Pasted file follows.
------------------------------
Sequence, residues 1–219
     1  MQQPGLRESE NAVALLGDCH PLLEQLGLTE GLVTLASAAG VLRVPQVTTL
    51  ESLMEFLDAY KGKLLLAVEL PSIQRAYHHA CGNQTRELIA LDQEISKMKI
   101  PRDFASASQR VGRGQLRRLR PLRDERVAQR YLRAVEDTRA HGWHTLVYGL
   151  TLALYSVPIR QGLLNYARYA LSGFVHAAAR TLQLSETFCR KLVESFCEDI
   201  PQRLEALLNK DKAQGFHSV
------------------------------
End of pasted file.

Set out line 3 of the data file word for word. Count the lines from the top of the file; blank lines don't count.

    51  ESLMEFLDAY KGKLLLAVEL PSIQRAYHHA CGNQTRELIA LDQEISKMKI